In June, US President Donald Trump signed a Presidential Proclamation temporarily banning entries of nonimmigrant H, L and J visa holders.
Thousands of people who are dependent on these visas are closely monitoring this case in the US. In a turn of events, a federal judge issued a preliminary injunction against the Trump administration’s June 2020 proclamation. The US District Judge ruled the president does not possess the power to case aside immigration laws passed by Congress and the ruled injunction shall take effect immediately.
In July, multiple trade organisations including the National Association of Manufacturers, the National Retail Federation filed this lawsuit where it got support from over 50 Silicon Valley tech companies like Amazon, Facebook and Microsoft. The order is likely to benefit thousands of Indian nationals seeking US work permits.
In June, A proclamation for a temporary visa ban until December was imposed by the Trump administration because of growing unemployment as a result of the economic crisis due to the Covid-19 pandemic. While the government cited high unemployment figures for the initial months of the pandemic breakout, the Judge observed that “The statistics regarding pandemic-related unemployment actually indicate that unemployment is concentrated in service occupations and that large number of job vacancies remain in the area most affected by the ban, computer operations which require high-skilled workers.”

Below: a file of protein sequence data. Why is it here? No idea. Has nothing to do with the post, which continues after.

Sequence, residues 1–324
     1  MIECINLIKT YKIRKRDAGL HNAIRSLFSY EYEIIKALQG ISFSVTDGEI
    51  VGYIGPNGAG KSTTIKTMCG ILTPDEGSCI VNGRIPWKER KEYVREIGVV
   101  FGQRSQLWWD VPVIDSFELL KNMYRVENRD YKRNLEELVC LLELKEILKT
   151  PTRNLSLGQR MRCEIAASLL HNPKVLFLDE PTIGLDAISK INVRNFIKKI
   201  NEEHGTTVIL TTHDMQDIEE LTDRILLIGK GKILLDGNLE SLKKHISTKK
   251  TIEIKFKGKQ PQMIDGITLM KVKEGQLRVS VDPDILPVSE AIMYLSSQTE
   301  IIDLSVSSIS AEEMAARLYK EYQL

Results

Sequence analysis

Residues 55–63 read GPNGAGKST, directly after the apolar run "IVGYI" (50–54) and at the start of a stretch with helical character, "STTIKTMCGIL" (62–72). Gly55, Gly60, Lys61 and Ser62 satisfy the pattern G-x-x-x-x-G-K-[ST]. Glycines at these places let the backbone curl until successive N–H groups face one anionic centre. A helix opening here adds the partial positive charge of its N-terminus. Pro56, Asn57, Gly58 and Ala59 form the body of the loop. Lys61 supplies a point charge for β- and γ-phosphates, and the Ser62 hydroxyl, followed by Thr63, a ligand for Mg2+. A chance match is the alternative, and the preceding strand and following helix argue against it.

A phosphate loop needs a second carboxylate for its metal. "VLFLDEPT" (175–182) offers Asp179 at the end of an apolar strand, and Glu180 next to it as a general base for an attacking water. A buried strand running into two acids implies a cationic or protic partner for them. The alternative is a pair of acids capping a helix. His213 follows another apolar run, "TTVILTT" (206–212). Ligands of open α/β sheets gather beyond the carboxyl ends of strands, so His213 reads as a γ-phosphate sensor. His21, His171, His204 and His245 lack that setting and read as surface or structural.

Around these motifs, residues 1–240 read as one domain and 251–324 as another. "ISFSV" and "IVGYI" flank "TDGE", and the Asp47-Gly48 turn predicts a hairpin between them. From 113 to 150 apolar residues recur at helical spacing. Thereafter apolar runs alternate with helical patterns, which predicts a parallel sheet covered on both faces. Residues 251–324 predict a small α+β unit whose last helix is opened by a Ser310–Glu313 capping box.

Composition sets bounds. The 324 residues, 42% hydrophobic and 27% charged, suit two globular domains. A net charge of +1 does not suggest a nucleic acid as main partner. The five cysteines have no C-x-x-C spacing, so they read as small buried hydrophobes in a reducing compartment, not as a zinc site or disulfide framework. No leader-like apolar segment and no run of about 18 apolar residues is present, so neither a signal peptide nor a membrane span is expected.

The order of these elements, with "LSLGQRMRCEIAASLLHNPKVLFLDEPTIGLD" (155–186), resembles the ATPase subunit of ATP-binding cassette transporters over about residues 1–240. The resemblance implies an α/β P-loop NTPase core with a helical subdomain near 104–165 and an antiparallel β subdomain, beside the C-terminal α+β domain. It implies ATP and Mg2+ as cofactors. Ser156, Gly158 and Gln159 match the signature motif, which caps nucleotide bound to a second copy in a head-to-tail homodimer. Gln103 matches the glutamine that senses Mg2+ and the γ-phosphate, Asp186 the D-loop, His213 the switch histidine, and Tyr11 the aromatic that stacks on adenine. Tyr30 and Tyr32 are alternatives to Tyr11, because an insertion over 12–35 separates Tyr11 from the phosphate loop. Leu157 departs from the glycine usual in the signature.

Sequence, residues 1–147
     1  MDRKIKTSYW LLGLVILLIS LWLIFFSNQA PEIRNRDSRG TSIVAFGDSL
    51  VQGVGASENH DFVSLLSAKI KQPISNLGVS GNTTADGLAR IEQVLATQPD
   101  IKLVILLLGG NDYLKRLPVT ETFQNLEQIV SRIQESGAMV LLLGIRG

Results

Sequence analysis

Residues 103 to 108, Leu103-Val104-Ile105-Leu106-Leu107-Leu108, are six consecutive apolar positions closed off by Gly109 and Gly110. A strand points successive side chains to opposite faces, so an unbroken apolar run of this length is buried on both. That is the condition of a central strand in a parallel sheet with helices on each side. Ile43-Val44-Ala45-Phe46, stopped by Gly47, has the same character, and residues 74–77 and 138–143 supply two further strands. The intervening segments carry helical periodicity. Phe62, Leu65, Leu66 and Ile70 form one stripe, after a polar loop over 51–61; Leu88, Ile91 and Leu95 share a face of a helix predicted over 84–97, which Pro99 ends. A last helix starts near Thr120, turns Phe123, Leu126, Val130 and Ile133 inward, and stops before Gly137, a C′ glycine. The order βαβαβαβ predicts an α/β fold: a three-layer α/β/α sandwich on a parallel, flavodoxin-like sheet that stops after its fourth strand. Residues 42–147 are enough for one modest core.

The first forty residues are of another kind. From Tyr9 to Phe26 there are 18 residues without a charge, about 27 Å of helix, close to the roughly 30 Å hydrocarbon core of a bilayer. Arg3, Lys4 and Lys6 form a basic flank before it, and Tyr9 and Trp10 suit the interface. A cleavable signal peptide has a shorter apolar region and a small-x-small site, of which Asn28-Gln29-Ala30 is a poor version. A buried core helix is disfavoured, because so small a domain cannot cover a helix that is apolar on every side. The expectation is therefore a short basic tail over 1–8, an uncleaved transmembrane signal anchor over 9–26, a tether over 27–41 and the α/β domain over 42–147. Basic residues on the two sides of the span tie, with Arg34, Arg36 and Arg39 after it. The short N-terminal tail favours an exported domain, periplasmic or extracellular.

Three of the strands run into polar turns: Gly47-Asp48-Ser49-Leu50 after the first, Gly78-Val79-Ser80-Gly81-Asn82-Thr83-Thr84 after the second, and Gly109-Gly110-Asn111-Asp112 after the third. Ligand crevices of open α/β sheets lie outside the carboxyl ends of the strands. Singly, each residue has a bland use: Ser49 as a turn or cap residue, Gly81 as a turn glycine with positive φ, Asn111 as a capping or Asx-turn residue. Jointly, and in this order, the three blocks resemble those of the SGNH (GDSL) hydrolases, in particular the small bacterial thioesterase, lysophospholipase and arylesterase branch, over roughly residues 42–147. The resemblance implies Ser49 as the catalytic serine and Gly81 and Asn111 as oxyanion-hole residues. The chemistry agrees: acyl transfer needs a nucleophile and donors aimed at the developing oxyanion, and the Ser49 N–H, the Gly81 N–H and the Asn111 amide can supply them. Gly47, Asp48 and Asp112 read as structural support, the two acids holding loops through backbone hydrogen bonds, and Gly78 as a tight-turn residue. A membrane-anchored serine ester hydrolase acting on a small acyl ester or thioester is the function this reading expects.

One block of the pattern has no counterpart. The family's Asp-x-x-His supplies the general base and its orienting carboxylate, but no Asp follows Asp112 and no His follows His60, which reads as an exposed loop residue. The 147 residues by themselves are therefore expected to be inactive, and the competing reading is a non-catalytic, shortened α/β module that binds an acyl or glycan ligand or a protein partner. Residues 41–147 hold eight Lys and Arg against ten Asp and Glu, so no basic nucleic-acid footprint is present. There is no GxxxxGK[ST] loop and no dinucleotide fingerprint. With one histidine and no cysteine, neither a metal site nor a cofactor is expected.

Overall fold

While the ruling will only apply to companies that are members of the different trade associations which have filed the lawsuit. But Rajiv S Khanna, the managing attorney at immigration.com said that “it does open the doors for others to file lawsuits on the same basis in that court.”
There are about 580,000 foreign workers with H-1B visas in specialized jobs in the US, according to the suit. Nearly two-thirds of such visas have gone to Indian nationals in the last five years.
Almost 160,000 L visas were issued in 2019 for executives, managers and employees with special experience and their dependents, and about 300,000 exchange visitors enter the US annually on J visas, the Chamber of Commerce said.
In their favour, Judge White of the US District Court wrote: “This court rejects the position that the proclamation implicates the president’s foreign affairs powers simply because it affects immigration.”
“There must be some measure of constraint on presidential authority in the domestic sphere in order not to render the executive an entirely monarchical power in the immigration context,” White added in his 25 pager order.